Displaying items by tag: Andrew Craig
Andrew Craig of the Royal Irish Yacht Club’s very clearcut overall win with his J/109 Chimaera in the Scottish Series, incorporating the Scottish IRC Championship 2019, has been a superb demonstration of boat and logistics management, personnel selection, and good old-fashioned sailing skills at the sometimes very flukey venue off Tarbert on lovely Loch Fyne.
It can take a crew of nine with complementary abilities to race a J/109 flat out. Yet the varied group brought together to race Chimaera were warm in their praise of Craig’s talent in assembling a crew who were personally compatible, with matching skill sets. Chimaera was a happy and successful ship, and her owner-skipper thoroughly deserves the “Sailor of the Month” title.
Dun Laoghaire trio Andrew Craig, Mark Pettit and Brian Mathews finished in the top half of the 70-boat Melbourne based Dragon World Championships at Port Philip yesterday after a six race series of predominantly light winds.
Hopes of bettering Ireland's best ever result at a Dragon Worlds, a fourth place overall, achieved by Craig in Tasmania in 2003, were dashed with a string of mid fleet results. The Irish crews best finish was tenth in a highly competitive fleet to be 26th overall. RESULTS HERE.
The event was won by Brtiain's Lawrie Smith who has not sailed since his Last Volvo Ocean Race campaign in 1999. "This really is such a joyous way to come back. I honestly did not think we'd get the win. Then again, I also thought it was going to blow 25 knots each day!" said Smith at the prizegiving.
Craig, of the Royal St. George in Dun Laoghaire, rounded the first mark in the middle of the 73-boat fleet but managed to gain places on each leg of the windward leeward course to finish 19th. Racing continues this week. More HERE.
Match Racing has been given full approval by the national sailing association. I reported a few weeks ago that Match Racing Ireland, which organises the racing, had made application to the Irish Sailing Association. This has been approved.
"We are now a recognised Category 3 organisation within the ISA and hope this will mean we can send a representative to the All-Ireland championships, dependent on an invitation to us. Being recognised as a formal body is important for funding or when individual teams need support at international events," Ric Morris of Match Racing Ireland told me. "Bringing people through from college sailing is something we are very interested in and we are at the moment targeting the 2012 World University Match Racing Championships in France."
That may mean having to get hold of a couple of J24s, the boats used for that event. Match racing here has so far been concentrated in the ISA J80 fleet. Ric said he was "confident match racing will continue to flourish. The question will be the scope of it. Howth, Lough Derg and Dun Laoghaire clubs have confirmed they will run match racing next year."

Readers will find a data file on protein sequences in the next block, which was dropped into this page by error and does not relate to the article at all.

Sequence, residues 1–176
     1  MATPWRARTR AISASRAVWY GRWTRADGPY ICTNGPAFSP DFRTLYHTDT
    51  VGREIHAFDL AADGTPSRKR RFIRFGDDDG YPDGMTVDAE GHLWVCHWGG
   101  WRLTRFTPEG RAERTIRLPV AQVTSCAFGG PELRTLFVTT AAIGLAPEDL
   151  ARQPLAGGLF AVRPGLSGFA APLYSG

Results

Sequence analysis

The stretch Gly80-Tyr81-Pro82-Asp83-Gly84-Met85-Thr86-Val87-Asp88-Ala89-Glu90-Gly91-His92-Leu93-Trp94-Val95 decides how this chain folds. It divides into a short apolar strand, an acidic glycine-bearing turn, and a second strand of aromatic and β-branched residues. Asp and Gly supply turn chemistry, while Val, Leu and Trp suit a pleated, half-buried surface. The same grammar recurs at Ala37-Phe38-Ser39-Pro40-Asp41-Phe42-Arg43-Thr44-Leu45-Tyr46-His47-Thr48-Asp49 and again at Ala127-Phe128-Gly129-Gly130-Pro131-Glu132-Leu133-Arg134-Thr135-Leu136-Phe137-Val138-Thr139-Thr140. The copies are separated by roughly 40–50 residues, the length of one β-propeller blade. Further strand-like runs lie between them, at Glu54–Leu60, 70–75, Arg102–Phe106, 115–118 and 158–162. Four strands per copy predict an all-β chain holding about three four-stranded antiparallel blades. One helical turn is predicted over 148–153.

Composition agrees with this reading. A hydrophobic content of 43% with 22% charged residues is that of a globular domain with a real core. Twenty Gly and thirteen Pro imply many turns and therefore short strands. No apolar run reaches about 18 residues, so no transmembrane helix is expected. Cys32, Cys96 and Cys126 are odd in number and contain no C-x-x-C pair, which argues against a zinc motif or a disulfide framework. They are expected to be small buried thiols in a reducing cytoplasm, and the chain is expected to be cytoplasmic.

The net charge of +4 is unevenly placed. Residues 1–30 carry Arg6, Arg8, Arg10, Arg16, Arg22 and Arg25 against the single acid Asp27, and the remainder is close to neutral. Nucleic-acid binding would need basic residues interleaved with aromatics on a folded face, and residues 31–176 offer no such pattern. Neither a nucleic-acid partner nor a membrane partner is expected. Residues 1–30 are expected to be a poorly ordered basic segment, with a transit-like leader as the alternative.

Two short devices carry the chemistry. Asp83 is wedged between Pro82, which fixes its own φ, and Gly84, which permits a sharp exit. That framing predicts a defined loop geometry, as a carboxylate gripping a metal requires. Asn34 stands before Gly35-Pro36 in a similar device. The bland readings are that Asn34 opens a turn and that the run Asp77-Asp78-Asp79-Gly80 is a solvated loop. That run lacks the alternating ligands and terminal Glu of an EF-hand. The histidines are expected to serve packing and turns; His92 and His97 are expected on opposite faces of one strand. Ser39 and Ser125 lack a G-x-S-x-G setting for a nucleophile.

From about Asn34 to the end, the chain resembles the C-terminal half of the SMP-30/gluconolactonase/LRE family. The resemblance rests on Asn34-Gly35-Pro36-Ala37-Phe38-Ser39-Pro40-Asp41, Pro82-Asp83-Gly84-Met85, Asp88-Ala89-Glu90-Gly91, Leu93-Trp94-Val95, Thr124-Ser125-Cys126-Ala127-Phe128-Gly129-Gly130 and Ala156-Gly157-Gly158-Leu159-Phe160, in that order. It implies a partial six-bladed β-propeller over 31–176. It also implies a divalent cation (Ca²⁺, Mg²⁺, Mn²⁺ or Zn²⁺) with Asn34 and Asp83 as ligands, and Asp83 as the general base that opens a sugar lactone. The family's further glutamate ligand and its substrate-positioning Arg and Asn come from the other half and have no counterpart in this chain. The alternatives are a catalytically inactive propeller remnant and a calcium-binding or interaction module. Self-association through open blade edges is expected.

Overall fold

Next month Kinsale will be the location for two match racing events - the ISA Women's Match Race Championship on October 9 and 10 followed by the Open Match Racing Championships from October 22-25.
Dragons Are Still Alive
The English are known for preferring that the rest of the world would speak their language. That attitude resulted in a Norwegian-designed yacht being called a Dragon.
Sailed by a helm and crew of two, it was designed by Norwegian Olympic sailor, Johan Anker, in 1929 with two berths for cruising in his home waters. The boat became so popular that, within ten years, it had spread all over Europe and become established in the top echelons of yacht racing. The Clyde Yacht Association presented the Gold Cup to the class in 1937.
Dragons competing off Kinsale. Photo: Bob Bateman. Gallery HERE.
During negotiations for the official recognition of the boat by the international sailing federation, a translation of Anker's name into 'Draggen' was rejected by the English yachting association which found 'Dragon' easier. The name was applied to the boat. Johan Anker was killed in World War Two. After the war his family waived design royalties to allow English yards build the boats, "as a token of appreciation for British support of Norway" when it was invaded by the Germans. That led to an increase in its popularity.
Dragons raced their South Coast Championship off Kinsale with ranking points to be won for the World and European Championships. Local club sailors were hoping to end class domination by Dun Laoghaire, but just fell short of their target.
Andrew Craig sailing Chimaera took the South Coast title back to the Royal St.George in Dun Laoghaire, while his clubmate Martin Byrne in Jaguar was second. Cameron Good, Henry Kingston and Simon Furney, a long-established Kinsale team sailed Little Fella, to third overall, with club colleague James Mathews helming Diva, crewed by Rick and Rob Johnson in fourth.
I have heard the Dragons described as "old worldly" but the class is alive and well to judge from the racing in plenty of breeze off Kinsale, where the Dragon Gold Cup, a world event, will be held in 2012. Kinsale Yacht Club will also host the national championships next year.
KYC is and will be, a busy place.
• This article is reprinted by permission of the CORK EVENING ECHO in which Tom MacSweeney writes maritime columns twice weekly. Evening Echo website: www.eecho.ie
Results following today's two races:
1. IRL211 Little Fella Cameron Good KYC
2. IRL192 Chimaera Andrew Craig RStGYC
3. IRL210 Diva James Matthews KYC
1. IRL192 Chimaera Andrew Craig RStGYC
2. IRL176 Phantom Neil Hegarty RStGYC
3. IRL210 Diva James Matthews KYC